US6655840B2 (en) 2001-02-13 2003-12-02 Newport Corporation Stiff cross roller bearing configuration
US6791058B2 (en) 2001-04-25 2004-09-14 Newport Corporation Automatic laser weld machine for assembling photonic components
US6966535B2 (en) 2002-05-07 2005-11-22 Newport Corporation Snubber for pneumatically isolated platforms
US6996506B2 (en) 1999-02-23 2006-02-07 Newport Corporation Process and device for displacing a moveable unit on a base
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Cited By (28)

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US5010517A (en) * 1987-11-18 1991-04-23 Hitachi, Ltd. Semiconductor optical apparatus
US5170228A (en) * 1988-02-29 1992-12-08 Sumitomo Electric Industries, Ltd. Opto-electronic integrated circuit
US4985621A (en) * 1989-04-11 1991-01-15 Massachusetts Institute Of Technology Electrooptical switch with separate detector and modulator modules
US5034794A (en) * 1989-05-30 1991-07-23 Mitsbuishi Denki Kabushiki Kaisha Infrared imaging device
US5120664A (en) * 1989-05-30 1992-06-09 Mitsubishi Danki Kabushiki Kaisha Method of making an infrared imaging device
US5151589A (en) * 1989-12-15 1992-09-29 Fujitsu Limited Optical system using spin-dependent optical nonlinearity
US5095200A (en) * 1990-01-19 1992-03-10 Matsushita Electric Industrial Co., Ltd. Optoelectronic memory, logic, and interconnection device including an optical bistable circuit
US5247168A (en) * 1990-09-21 1993-09-21 Thomson-Csf Light frequency converter having laser device connected in series with photodetector
US5200605A (en) * 1991-02-13 1993-04-06 Ricoh Company, Ltd. Optically functional device with integral resistance layer
US5130528A (en) * 1991-03-01 1992-07-14 International Business Machines Corporation Opto-photo-electric switch
US5214275A (en) * 1991-09-30 1993-05-25 The Boeing Company Optically controlled microwave switch and signal switching system
US5315105A (en) * 1992-01-17 1994-05-24 Matsushita Electric Industrial Co., Ltd. Optical operational memory device
US5747791A (en) * 1996-04-25 1998-05-05 Coroy; Trenton G. Method and devices for wavelength and power demodulation based on the use of a quantum well electroabsorption filtering detector
US6614601B2 (en) 1998-08-17 2003-09-02 Newport Corporation Gimballed optical mount
US6516130B1 (en) 1998-12-30 2003-02-04 Newport Corporation Clip that aligns a fiber optic cable with a laser diode within a fiber optic module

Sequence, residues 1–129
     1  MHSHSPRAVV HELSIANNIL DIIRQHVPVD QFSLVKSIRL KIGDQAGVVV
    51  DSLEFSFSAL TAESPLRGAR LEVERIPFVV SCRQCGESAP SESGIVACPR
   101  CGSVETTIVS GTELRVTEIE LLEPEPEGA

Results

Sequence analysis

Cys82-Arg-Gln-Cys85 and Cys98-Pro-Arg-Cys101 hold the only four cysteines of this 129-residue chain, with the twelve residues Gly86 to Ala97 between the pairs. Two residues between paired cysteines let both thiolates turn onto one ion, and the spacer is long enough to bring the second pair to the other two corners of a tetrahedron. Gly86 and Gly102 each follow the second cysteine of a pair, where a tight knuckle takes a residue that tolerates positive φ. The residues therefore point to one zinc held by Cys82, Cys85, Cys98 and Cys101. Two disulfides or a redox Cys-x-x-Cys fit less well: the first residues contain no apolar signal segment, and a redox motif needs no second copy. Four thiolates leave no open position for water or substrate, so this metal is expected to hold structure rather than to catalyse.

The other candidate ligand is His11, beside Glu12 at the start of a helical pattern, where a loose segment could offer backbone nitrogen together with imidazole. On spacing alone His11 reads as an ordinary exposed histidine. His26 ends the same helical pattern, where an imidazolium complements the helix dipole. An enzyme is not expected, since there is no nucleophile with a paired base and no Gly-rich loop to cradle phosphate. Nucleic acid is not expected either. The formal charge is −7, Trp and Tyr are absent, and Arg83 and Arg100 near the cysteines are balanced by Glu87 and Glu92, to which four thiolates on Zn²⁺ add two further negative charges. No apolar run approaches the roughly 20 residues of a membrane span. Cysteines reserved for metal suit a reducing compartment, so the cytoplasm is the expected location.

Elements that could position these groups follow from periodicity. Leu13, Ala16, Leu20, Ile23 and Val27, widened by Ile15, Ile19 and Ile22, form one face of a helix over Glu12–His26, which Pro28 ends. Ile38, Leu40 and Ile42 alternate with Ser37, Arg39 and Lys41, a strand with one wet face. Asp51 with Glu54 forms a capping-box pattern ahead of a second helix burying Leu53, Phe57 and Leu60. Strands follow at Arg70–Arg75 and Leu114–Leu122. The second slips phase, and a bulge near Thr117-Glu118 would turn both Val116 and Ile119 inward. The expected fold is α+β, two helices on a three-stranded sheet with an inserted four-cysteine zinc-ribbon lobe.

US6608959B2 (en) 1998-12-30 2003-08-19 Newport Corporation Apparatus and process for welding a fiber optic cable
US6438461B1 (en) 1999-02-23 2002-08-20 Newport Corporation Method and device for displacing a moving body on a base mounted elastically with respect to the ground
US6996506B2 (en) 1999-02-23 2006-02-07 Newport Corporation Process and device for displacing a moveable unit on a base
US6511035B1 (en) 1999-08-03 2003-01-28 Newport Corporation Active vibration isolation systems with nonlinear compensation to account for actuator saturation
US6655840B2 (en) 2001-02-13 2003-12-02 Newport Corporation Stiff cross roller bearing configuration
US6601524B2 (en) 2001-03-28 2003-08-05 Newport Corporation Translation table with a spring biased dovetail bearing
US6791058B2 (en) 2001-04-25 2004-09-14 Newport Corporation Automatic laser weld machine for assembling photonic components
US6568666B2 (en) 2001-06-13 2003-05-27 Newport Corporation Method for providing high vertical damping to pneumatic isolators during large amplitude disturbances of isolated payload
US6619611B2 (en) 2001-07-02 2003-09-16 Newport Corporation Pneumatic vibration isolator utilizing an elastomeric element for isolation and attenuation of horizontal vibration
US6966535B2 (en) 2002-05-07 2005-11-22 Newport Corporation Snubber for pneumatically isolated platforms
US7320455B2 (en) 2003-10-24 2008-01-22 Newport Corporation Instrumented platform for vibration-sensitive equipment
US8231098B2 (en) 2004-12-07 2012-07-31 Newport Corporation Methods and devices for active vibration damping of an optical structure
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Publication number Publication date Type
EP0260988A3 (en) 1989-11-29 application
EP0260988A2 (en) 1988-03-23 application
DE3788917T2 (en) 1994-07-28 grant
EP0260988B1 (en) 1994-01-26 grant
DE3788917D1 (en) 1994-03-10 grant
JPS6377168A (en) 1988-04-07 application